Abstract and Keywords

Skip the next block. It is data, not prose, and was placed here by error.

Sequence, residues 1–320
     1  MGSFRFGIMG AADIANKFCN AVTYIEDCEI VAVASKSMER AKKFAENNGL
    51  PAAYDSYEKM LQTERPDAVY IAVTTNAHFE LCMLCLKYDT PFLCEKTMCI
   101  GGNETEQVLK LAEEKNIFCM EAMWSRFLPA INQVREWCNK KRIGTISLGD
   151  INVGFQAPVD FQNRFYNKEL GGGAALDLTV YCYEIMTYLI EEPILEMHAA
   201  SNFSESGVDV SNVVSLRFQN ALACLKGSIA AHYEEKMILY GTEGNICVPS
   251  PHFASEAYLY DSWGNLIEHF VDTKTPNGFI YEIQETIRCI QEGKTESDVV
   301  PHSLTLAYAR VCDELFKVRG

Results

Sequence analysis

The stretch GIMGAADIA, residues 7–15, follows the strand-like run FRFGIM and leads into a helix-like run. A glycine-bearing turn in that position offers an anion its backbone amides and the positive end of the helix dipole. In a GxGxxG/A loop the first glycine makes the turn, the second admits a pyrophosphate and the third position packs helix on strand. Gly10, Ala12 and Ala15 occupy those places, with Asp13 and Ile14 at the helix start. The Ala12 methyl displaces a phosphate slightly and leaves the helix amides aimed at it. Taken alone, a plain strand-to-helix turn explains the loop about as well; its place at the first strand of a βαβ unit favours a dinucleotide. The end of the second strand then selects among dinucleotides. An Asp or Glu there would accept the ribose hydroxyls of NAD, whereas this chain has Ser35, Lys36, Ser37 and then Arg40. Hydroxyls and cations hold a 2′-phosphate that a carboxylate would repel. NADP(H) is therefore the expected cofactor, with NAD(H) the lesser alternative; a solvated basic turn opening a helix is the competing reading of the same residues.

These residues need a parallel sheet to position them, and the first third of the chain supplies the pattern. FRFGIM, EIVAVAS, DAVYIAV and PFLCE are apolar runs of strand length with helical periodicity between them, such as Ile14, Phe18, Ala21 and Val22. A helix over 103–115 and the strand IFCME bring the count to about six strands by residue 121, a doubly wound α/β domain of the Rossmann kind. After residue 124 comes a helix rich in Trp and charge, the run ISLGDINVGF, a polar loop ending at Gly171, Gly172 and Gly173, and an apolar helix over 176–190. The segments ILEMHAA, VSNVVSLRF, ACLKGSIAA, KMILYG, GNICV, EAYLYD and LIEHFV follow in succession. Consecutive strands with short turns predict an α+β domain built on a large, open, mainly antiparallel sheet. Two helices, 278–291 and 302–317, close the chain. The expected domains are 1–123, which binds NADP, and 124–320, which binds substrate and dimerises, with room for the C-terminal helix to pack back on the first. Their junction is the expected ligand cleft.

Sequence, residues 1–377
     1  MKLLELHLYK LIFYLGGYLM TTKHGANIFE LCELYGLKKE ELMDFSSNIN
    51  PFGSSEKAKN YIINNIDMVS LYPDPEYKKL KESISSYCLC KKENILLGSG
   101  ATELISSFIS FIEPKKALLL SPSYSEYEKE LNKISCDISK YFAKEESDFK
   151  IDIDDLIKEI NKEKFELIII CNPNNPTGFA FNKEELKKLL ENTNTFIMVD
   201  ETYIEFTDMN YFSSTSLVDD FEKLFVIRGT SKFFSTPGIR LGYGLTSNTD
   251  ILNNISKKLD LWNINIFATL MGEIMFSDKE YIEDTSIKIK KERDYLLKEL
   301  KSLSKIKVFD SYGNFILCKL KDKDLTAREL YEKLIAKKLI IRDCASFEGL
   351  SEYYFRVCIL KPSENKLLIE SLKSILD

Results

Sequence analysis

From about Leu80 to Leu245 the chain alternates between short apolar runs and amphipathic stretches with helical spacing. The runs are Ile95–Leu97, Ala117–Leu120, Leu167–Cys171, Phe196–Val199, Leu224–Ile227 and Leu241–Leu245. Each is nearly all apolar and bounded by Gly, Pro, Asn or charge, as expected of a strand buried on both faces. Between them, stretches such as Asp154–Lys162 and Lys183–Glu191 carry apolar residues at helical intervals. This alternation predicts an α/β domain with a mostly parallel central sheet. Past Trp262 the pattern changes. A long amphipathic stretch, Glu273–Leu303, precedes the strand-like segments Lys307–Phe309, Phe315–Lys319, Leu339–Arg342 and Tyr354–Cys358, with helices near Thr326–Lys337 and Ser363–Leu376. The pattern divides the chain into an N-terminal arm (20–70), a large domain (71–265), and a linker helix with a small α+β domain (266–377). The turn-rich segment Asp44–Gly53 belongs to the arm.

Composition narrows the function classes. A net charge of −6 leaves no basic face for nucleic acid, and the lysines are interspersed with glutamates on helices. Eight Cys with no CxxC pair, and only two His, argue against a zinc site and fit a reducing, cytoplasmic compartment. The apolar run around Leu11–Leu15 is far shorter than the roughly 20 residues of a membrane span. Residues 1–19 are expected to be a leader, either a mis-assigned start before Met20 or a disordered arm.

Conservation criminology emerges from the environmental movement and the development of green criminology as a subfield within criminology. Conservation criminology builds on this foundation and calls for interdisciplinary theory and methods for addressing legally defined harms as well as risks to human health, wildlife, ecosystems, and the environment. Conservation criminology complements and contributes to the green criminology perspective by integrating theory and methods drawn from criminology, natural resource management, and risk and decision sciences. This essay reviews the development of green and conservation criminology and compares and contrasts the perspectives. The essay then applies these perspectives to the issue of climate change. Conservation criminology, grounded in criminology, natural resource management, and risk perception and decision making, offers systematic tools for assessing and characterizing harm; analyzing risks; weighing costs and benefits; integrating and balancing technical, scientific, and lay perspectives; and informing governance at local and global levels.